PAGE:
Case Study: Cadbury Takeover
In the beginning of 2010 the US food giant took-over one of the most famous British confectionary companies, Cadbury, affectively making Kraft the largest food confectionary company in the world (Smith, 2010). According to Rigby and Masters (2010) the takeover “was one of the biggest – and most hotly contested – acquisitions in the UK”. The process was exhaustively followed by media, which criticized inability of British Government to limit takeovers of such famed British brands in the future – as it is part of the British identity. Moreover, during such process a large number of employees have suffered, not only through a large number of redundancies, but also through the change in management and overall organization of the company, which has affected employees values amongst the other factors. This assignment will be looking into various details of changes in employees values as well as relationships and overall changes of the work ethics.
Comparison of employment values before the takeover:
Quakers found Cadbury in 1824 in Birmingham. Quakers, also known as “Religious Society of Friends”, is a Christian movement that believes in equality of people, this creates strong moral ethical behavior, social justice and community (BBC, 2009). Beliefs associated with the movement directly influenced employment values in Cadbury, known for its ‘benign paternalism’ (Lucas and Rappeport, 2011), as it has been placing importance on sociable values, participating and friendly environment since its beginning. According to Evening Standard (2009): “For most of its 185-year history Cadbury has been viewed as one of the most paternalistic and socially aware employers in the UK”. For instance, recreational, training and education facilities were added into factories (Rose, 1986; Katsoulakos and Katsoulakos, 2006). Furthermore, employees have had access to medical care as well as good welfare system (ibid). According to Leggett (2010) Cadbury places “strong social conscience at the heart … from year one”. This has been strengthened by opening factory in a “green field site” of Bournville in 1979 (Katsoulakos and Katsoulakos, 2006). Until now the area is mainly associated with chocolate (Robinson, 2010) where a large number of employees have history of working at the factory for many years along their family and friends, this has created a very strong sense of community until the speculations on takeover by Kraft began (Jones, 2010).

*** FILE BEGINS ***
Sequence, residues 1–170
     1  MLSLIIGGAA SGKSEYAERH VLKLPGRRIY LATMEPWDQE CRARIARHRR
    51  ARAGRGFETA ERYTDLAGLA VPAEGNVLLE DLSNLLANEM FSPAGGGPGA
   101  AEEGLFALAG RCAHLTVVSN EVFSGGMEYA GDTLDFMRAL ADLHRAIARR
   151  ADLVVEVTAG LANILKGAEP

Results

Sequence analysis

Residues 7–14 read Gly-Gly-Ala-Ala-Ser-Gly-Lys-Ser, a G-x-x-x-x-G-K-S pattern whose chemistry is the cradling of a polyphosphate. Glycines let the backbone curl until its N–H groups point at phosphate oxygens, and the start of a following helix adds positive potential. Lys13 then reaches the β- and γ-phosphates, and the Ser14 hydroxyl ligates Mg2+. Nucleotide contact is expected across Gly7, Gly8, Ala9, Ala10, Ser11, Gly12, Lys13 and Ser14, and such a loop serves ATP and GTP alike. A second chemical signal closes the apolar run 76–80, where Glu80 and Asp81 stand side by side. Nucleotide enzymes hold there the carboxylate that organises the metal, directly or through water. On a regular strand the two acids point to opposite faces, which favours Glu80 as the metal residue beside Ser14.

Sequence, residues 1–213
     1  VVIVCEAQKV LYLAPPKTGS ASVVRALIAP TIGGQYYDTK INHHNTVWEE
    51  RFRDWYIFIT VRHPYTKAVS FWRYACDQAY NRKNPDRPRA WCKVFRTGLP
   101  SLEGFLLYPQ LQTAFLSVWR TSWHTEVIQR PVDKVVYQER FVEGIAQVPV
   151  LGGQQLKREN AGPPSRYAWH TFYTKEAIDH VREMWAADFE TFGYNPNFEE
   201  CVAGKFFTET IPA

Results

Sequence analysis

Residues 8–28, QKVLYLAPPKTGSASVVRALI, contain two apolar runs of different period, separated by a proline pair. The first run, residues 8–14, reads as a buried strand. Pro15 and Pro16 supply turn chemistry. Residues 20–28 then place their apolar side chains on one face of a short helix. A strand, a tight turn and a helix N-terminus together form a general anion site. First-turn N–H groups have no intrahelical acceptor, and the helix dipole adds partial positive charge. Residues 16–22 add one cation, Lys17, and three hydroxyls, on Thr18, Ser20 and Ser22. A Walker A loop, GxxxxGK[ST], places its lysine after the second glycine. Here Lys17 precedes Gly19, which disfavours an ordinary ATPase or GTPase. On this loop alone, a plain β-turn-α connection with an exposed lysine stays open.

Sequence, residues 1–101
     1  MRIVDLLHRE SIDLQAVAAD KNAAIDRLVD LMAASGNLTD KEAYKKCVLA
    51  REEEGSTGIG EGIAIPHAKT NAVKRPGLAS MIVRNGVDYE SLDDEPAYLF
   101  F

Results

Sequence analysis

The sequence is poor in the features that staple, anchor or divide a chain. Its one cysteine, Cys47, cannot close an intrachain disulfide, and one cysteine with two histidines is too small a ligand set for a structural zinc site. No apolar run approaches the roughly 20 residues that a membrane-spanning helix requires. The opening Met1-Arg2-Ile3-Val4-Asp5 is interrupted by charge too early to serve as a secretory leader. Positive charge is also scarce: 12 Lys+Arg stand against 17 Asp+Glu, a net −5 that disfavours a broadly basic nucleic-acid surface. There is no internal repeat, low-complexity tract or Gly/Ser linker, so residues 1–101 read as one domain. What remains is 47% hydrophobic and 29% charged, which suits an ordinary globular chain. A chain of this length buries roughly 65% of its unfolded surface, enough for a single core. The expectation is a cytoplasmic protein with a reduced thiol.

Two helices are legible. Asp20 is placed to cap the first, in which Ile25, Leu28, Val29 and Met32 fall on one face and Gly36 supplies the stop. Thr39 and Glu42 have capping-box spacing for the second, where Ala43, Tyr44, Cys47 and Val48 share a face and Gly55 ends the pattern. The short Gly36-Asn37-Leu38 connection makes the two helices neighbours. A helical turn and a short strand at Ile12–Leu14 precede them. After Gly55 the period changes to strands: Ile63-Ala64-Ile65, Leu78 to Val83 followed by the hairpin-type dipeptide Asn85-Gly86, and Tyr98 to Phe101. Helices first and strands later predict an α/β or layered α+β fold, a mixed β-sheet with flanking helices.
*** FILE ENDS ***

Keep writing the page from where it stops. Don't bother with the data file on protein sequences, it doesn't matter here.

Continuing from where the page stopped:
Kraft was established in the beginning of 20th century and over years had expanded through mergers and acquisitions of various brands, including Oreo cookies, Jacobs coffee and Philadelphia cheese amongst many other brands (Ovide, 2011). As a result of such historical developments and association with conglomerates such as Phillip Morris – one of the leading tobacco companies, it has developed rather different reputation to Cadbury. In fact it has been called: “union-busting corporate giant that is at the heart of the global obesity crisis … (which) runs with military precision” (Evening Standard, 2009). As a result Kraft’s employment values are different to responsible corporate citizen Cadbury. Kraft is known for its strong bureaucracy with a very layered and tall structure (Holbert, 2010), which is so important to manage multinational corporations of its size. Additionally to its size and management style, Kraft is known to be very profit driven and due to weak trade unions in the US and overall hire-fire culture in the country, its employees are used to instability, underlined by high turnovers. Thus to summarize, Cadbury has been known for strong paternalistic values, decentralized structure and egalitarianism, whilst Kraft is known for its strong highly structured bureaucracy and centralized structure (Holbert, 2010).
Changes in the relationships and structure after takeover:
As described above employment values and overall cultures of two...
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